Understanding Stroke Prevention: Recognizing Signs and Symptoms

Understanding Stroke Prevention: Recognizing Signs and Symptoms

A stroke can be a devastating event that can adversely change a person’s life indefinitely. It is the second leading cause of death worldwide, and up to 50% of survivors become chronically disabled. Unfortunately, it is a common cardiovascular event, with one stroke occurring every 40 seconds in the United States. Stroke prevention is crucial in reducing the incidence and impact of this life-altering condition.

Cuyuna Regional Medical Center’s Board-Certified Internist Mark Bostrom, DO, stresses that although not entirely preventable, there are ways to help reduce the risk of experiencing this potentially devastating event. “The most important way to reduce the risk is to have hypertension diagnosed and treated effectively. People over 50 need regular doctor visits to monitor their blood pressure and be evaluated for other risk factors, such as high cholesterol. Regular doctor visits will also help monitor for the occurrence of an irregular heart rhythm called atrial fibrillation, which is another leading risk factor for developing a stroke.” Dr. Bostrom went on to add that healthy eating habits and regular exercise are very important to help lower cholesterol and blood pressure as well as prevent, or limit, obesity, which is another significant risk factor for developing a stroke. “Another significant risk factor is smoking tobacco, so stopping smoking dramatically reduces the risk of a stroke. In patients with diabetes, it is important to control blood sugar optimally as this also reduces the risk,” said Dr. Bostrom.

While prevention is critical, it is also vital to understand that symptoms suggestive of a stroke constitute a medical emergency. For a person experiencing an acute stroke, getting treatment as quickly as possible is of the utmost importance, and doing so can prevent, or limit, the extent of injury. “Our emergency department at CRMC partners with stroke neurologists at tertiary hospitals who help to direct the care of persons presenting to the ER with stroke symptoms. If indicated and if the patient presents within a timeframe that allows the medicine to be administered less than 4.5 hours from the onset of symptoms, a powerful medicine called a thrombolytic can be administered that breaks up the blood clot and allows blood to flow the area of the brain that previously was not receiving blood. Shorter time frames are preferable because research demonstrates that the best outcomes are achieved if the medicine is administered within 1.5 hours from the onset of symptoms,” explained Dr. Bostrom. Because of this time constraint, people must be aware of the symptoms of a stroke and know that these symptoms constitute a medical emergency. Quick recognition and action are crucial to successfully treating an acute stroke. It is not a “wait and see matter” but should prompt a call for 911 assistance.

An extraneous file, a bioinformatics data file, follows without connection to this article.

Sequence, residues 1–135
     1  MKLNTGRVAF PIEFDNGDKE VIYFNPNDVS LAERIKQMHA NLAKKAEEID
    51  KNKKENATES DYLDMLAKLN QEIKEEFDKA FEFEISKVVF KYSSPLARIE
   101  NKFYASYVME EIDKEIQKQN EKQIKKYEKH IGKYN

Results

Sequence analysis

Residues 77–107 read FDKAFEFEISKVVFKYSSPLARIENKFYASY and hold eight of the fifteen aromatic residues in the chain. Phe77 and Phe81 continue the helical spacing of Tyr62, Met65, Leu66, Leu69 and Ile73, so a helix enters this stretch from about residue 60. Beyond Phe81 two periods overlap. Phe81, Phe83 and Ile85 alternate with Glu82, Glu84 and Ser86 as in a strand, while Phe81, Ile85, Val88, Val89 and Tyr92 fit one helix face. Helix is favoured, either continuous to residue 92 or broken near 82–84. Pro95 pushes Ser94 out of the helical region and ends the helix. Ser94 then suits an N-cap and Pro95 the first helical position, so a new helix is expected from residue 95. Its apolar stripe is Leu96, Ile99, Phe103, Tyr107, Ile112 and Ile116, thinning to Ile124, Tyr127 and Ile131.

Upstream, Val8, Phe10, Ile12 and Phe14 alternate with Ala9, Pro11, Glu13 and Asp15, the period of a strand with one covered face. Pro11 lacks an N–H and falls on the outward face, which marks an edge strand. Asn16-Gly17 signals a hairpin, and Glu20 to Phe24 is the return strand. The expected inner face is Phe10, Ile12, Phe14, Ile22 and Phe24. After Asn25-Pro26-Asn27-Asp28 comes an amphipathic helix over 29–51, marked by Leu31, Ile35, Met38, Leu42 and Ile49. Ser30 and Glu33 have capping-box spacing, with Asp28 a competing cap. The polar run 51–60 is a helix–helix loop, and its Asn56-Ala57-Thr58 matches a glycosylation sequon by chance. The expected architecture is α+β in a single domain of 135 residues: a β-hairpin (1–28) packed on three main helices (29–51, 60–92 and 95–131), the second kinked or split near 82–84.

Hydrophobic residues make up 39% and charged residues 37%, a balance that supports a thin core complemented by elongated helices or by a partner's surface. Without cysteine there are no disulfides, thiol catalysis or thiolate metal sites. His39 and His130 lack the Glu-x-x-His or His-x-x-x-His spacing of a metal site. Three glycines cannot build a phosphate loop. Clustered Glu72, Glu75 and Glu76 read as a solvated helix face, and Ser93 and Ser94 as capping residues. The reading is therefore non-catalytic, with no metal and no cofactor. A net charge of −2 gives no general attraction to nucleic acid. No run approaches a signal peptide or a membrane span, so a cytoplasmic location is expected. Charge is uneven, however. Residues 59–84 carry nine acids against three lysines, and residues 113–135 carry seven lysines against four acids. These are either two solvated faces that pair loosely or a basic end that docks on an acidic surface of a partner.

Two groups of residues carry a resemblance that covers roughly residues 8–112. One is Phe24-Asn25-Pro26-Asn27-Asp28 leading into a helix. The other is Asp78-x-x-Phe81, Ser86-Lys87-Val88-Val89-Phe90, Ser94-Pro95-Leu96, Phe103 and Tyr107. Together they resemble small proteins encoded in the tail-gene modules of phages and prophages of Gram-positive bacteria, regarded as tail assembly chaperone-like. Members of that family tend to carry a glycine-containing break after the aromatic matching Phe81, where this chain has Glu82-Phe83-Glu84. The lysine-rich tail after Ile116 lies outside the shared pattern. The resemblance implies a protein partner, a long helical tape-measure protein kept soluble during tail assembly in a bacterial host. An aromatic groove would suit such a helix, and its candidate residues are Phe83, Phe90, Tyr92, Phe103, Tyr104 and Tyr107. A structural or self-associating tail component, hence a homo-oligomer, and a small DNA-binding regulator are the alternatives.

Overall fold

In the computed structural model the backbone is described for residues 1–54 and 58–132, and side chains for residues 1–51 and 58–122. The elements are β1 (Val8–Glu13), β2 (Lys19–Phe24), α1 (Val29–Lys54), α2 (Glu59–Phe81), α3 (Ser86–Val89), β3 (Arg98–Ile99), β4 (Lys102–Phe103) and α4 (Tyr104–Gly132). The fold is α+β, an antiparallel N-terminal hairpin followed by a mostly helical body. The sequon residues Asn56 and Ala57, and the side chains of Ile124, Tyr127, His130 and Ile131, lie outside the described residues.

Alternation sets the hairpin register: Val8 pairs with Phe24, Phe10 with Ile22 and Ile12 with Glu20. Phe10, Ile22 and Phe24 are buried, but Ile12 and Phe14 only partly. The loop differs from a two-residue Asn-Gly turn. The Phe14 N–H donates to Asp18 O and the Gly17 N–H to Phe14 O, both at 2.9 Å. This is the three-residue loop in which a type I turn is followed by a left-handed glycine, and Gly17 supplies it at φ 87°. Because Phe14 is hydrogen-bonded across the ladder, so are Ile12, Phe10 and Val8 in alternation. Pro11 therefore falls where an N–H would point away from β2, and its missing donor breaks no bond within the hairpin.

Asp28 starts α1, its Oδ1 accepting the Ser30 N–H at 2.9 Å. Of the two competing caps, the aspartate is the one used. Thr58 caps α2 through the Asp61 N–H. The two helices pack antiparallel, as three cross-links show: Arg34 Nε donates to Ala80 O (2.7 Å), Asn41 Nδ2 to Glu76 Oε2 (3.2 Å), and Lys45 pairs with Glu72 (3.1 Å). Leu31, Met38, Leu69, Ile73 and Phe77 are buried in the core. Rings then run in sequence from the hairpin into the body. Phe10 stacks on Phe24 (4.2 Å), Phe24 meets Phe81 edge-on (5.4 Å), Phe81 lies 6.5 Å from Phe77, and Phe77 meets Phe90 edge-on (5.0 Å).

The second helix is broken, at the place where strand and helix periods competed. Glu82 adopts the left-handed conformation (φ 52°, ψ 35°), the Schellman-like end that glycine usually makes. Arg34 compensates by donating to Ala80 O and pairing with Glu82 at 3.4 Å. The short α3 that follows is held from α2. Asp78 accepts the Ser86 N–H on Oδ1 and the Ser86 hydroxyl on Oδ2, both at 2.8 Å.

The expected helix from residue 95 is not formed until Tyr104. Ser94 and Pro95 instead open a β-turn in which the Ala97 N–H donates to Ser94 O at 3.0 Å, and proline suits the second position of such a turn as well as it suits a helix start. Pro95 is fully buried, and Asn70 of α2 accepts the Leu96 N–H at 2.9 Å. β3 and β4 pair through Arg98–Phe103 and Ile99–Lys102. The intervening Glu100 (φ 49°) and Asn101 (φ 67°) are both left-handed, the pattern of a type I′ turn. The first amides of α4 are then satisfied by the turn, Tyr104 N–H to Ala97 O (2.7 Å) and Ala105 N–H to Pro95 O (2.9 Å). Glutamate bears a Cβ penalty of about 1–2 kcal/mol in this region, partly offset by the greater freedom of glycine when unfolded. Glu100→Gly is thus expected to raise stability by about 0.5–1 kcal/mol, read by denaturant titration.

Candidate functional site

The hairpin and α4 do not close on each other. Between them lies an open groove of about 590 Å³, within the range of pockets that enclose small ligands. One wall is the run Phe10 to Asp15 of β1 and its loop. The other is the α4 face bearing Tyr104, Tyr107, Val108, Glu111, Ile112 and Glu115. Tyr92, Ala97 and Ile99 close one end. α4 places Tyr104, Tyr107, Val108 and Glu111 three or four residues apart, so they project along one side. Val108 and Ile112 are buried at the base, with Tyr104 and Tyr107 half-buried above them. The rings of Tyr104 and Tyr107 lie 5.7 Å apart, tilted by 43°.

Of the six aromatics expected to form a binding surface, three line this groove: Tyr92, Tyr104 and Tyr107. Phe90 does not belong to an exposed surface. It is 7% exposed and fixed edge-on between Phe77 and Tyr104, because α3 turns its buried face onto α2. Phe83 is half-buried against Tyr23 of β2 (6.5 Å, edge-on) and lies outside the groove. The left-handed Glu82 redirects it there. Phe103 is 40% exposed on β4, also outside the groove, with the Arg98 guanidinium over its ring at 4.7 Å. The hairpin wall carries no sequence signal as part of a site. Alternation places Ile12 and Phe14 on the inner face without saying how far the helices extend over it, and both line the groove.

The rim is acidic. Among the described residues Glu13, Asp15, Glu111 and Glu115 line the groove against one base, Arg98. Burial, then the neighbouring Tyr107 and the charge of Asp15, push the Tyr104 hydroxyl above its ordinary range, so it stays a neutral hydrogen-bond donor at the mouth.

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Understanding Stroke Prevention: Recognizing Signs and Symptoms

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